Thanks for your response.
 

JoJac001

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The legal way it is done is for the beneficiaries to send a document to the court refusing the inheritance of the timeshare(s.) An estate lawyer can help with this.
Thanks for your response.
 

JoJac001

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It is certainly true that an heir or beneficiary has the right to refuse to accept any type of inheritance or bequest, including a timeshare. But sending something to the court is probably not the proper way to do this in most cases. The court does not actually administer the distribution of assets to heirs and beneficiaries. The distribution of assets from the estate of a decedent is the responsibility of the executor.

The executor is usually a family member of the deceased. Occasionally it is an attorney, an accountant or someone else who may also be acting in a professional capacity. The executor should notify each heir of what assets they stand to inherit. Upon receiving such notification, the heir can then notify the executor in writing that they do not want a particular asset. The executor then has the responsibility to offer that asset to the next person in line. The will may specify who gets it if the first heir refuses it. If not, then state law determines who gets it. If no one will accept it, then the executor has to notify the TS resort , or HOA or whatever, that no one will accept it. It is at that point that the resort will usually accept a deedback from the executor.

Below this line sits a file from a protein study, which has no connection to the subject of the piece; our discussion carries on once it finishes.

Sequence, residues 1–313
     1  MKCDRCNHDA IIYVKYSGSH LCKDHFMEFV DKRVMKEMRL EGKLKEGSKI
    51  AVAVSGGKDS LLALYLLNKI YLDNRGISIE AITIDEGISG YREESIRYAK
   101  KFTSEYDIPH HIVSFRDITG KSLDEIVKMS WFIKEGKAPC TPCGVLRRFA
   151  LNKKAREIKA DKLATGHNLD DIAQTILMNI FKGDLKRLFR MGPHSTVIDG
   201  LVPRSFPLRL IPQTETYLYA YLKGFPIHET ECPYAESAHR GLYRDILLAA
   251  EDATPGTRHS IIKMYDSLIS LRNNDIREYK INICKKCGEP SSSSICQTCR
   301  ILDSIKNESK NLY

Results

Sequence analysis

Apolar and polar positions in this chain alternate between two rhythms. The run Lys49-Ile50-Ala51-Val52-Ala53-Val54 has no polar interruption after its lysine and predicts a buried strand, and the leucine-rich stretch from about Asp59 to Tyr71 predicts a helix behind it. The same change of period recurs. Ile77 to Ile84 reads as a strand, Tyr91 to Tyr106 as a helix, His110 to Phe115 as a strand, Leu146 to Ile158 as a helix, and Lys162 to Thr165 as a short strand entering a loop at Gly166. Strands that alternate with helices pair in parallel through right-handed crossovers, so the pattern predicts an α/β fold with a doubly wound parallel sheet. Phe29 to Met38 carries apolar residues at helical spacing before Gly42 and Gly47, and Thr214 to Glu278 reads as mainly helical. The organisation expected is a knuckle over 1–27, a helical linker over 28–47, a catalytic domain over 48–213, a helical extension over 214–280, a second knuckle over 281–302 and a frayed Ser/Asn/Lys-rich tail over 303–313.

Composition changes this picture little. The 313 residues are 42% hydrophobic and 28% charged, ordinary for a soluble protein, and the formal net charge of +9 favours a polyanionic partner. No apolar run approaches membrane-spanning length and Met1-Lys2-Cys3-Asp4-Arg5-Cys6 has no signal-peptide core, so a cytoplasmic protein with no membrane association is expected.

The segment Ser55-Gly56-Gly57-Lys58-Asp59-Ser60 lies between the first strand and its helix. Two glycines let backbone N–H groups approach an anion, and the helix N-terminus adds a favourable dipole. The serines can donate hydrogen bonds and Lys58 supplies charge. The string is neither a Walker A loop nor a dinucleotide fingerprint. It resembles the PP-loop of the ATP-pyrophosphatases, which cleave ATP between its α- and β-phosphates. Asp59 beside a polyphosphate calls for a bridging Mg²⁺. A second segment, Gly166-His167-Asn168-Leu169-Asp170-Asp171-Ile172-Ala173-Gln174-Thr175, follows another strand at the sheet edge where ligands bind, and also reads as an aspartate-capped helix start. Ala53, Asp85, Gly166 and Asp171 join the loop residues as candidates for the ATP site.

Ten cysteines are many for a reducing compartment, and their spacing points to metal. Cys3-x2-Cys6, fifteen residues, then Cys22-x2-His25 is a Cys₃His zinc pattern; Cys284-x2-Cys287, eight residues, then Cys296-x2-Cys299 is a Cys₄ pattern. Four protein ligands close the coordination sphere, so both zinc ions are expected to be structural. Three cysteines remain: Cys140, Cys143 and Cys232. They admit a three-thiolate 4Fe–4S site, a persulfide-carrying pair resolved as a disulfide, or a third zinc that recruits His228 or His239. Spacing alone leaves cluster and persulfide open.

Courts are sometimes, but not always, involved in the probate process. But their role is only to monitor the performance of the executor, and to appoint an executor if the person named in the will is unable or unwilling to do the job. Heirs should generally be communicating directly with the executor or the executor's attorney--not with the court clerk or the judge.